Tabby Duff was only 26 when she was dealt the devastating blow of being diagnosed with breast cancer.
Here she tells her breast cancer story in her own words.
Could you share with us a summary of your experience with breast cancer?
I found a small 2cm lump in my right breast in October 2020, totally out of the blue and very unexpected. Being only 26, with no family history of breast cancer, there was no part of me that thought anything other than this was just something hormonal or maybe a cyst. I got in touch with the GP immediately anyway as I knew this was unusual for me, but cancer really was the last thing on my mind.
Six weeks later, I was diagnosed with a stage 2, grade 3, triple positive breast cancer. Due to COVID, I was told the bad news completely alone, and safe to say it was quite the shock. I don’t really remember much of that day other than feeling completely numb and almost like I was outside of my body, watching my world come crumbling apart from a distance.
What happened next?
Following the initial shock of my diagnosis, I decided I needed to keep positive if I was going to get through this. I started a blog and shared my experience as a young woman with breast cancer through social media which massively helped me, not only to share my own thoughts but to be able to meet others in a similar situation, and to be able to help people who were also struggling with their own cancer journeys.
I had 7 rounds of chemotherapy, a single mastectomy with immediate implant reconstruction, sentinel node biopsy, and now I’m on hormone therapy (Letrozole & Zoladex) along with Kadcyla for the HER2+ aspect of my cancer. I’ve had 14 rounds of this in total.
How are you feeling now?
It’s safe to say it’s been an emotional rollercoaster – and that’s putting it extremely mildly! I’ve had my heart broken from losing friends I’ve made in the cancer community, I’ve been upset for putting my family, friends, and boyfriend through this, I’ve felt guilty for somehow allowing cancer to happen to my body (which I know isn’t true!) and survivor’s guilt for making it to this point. I’ve felt so much anger at how unfair this has all been. But I’ve also felt so unbelievably happy and loved, and so grateful to be alive. I’ve made it through – and I’m so proud of me.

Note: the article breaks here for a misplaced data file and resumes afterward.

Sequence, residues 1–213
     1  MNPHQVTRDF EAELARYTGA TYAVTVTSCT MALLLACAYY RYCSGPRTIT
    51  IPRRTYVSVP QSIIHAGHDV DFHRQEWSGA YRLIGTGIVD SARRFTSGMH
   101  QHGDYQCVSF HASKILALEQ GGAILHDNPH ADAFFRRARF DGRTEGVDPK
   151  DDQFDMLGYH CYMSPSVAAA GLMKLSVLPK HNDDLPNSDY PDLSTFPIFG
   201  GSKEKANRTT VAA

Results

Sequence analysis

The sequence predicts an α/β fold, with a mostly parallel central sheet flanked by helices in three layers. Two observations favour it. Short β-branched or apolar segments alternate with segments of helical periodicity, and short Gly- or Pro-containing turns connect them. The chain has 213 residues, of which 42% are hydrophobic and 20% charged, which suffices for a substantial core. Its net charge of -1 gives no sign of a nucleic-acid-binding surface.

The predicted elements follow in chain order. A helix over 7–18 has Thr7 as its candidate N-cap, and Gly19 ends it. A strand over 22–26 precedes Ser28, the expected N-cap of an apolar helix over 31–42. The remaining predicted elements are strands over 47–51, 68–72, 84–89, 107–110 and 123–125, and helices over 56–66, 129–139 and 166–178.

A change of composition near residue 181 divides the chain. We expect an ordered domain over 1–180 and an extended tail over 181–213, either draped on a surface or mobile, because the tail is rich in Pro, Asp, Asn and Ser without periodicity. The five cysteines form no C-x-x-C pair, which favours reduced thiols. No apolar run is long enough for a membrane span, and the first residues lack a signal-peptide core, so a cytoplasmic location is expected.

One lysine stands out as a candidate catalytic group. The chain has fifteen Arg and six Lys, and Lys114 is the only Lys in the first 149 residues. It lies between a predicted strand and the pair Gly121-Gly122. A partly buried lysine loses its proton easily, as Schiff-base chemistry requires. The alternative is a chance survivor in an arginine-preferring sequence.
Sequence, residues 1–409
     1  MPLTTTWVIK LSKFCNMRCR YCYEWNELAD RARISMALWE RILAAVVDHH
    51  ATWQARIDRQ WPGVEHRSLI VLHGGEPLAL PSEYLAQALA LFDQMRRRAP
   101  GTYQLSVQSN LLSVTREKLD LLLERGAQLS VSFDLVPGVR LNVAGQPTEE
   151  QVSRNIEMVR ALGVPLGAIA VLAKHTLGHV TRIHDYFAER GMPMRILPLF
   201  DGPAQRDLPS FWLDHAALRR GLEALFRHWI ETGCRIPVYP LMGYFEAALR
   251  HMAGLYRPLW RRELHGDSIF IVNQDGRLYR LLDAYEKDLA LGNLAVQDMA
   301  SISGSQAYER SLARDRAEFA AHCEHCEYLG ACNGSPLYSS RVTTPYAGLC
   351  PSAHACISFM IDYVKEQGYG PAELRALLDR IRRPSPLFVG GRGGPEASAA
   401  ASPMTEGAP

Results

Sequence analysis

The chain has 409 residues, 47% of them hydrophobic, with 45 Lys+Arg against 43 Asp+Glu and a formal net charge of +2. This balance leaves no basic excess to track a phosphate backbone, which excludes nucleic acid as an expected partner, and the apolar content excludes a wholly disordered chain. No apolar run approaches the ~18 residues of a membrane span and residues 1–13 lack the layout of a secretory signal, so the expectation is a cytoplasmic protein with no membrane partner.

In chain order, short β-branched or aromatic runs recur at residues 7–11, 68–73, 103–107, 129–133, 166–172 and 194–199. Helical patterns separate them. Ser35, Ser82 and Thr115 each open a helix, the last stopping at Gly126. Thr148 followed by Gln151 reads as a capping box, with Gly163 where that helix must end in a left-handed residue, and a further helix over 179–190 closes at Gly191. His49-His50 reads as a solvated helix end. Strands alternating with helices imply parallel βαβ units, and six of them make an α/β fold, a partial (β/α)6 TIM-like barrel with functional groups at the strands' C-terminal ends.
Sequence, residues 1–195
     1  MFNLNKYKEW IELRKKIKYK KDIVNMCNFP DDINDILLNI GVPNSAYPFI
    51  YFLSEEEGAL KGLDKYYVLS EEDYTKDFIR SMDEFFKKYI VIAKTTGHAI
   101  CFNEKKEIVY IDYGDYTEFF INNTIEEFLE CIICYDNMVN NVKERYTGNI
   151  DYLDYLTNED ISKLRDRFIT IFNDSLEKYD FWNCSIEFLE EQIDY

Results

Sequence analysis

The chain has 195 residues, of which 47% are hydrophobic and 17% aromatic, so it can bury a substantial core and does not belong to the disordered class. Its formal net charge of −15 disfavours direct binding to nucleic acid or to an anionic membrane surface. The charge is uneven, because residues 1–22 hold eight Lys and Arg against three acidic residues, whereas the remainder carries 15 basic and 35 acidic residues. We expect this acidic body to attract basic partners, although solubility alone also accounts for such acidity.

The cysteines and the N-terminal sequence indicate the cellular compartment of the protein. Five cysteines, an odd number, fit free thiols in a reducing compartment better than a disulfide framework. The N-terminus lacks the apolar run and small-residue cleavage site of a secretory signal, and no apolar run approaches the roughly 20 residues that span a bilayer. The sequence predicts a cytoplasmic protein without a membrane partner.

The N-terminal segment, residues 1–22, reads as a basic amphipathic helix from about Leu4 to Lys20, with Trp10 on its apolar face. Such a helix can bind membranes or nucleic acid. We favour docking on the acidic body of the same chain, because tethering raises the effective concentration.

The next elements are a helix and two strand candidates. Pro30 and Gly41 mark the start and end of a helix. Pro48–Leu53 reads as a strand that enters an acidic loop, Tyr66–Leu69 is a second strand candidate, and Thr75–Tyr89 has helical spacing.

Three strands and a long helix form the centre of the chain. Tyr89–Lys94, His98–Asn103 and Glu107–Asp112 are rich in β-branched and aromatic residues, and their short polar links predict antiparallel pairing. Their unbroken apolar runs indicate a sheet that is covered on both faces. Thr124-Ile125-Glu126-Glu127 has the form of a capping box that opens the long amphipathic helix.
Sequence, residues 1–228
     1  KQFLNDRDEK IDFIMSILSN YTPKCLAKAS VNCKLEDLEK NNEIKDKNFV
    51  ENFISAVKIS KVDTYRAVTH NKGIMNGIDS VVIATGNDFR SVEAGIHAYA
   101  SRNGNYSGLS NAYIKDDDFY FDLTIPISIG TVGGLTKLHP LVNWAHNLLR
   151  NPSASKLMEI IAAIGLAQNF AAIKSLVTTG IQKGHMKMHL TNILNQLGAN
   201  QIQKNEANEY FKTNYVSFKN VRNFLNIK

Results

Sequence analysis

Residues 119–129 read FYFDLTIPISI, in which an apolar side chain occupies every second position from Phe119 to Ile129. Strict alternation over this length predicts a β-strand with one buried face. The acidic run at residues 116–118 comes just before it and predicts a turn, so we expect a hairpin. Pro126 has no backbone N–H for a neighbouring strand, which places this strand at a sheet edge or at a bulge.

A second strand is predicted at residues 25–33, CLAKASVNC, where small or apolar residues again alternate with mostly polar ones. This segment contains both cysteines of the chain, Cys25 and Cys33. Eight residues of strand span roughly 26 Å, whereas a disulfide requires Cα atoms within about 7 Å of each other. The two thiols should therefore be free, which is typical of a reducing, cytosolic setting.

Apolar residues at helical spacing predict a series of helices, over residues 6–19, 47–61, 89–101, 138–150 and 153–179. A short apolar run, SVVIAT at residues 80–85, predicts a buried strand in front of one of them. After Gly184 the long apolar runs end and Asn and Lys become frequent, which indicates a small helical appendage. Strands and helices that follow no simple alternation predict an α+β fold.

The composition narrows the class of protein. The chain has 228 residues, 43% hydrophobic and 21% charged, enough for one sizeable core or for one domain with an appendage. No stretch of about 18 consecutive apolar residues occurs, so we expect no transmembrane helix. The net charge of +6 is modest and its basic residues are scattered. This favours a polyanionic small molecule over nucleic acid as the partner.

Do you have any advice or tips for anyone who has been through a similar experience?
My main advice is to take everything one day at a time. In the beginning, it can be so overwhelming, and the journey to the end of chemo or surgery recovery can feel so long! But you just take it day by day. And suddenly, you’ll be on the other side of it, and you can look back and see how far you’ve come. Also – don’t google anything!! It’s not helpful and so much of the info out there is really outdated anyway.
What does a breast cancer free future mean to you?
To be able to stop breast cancer in its tracks, stopping it before a diagnosis even occurs, and if it does, stopping it from ever reaching stage 4. We’ve lost far too many incredible people to this horrible disease.
Thank you so much to Tabby for sharing her inspirational story with us.
You can read more about Tabby on her blog here and make sure to give her Instagram (@tabbyduff) a follow as she navigates her life after cancer.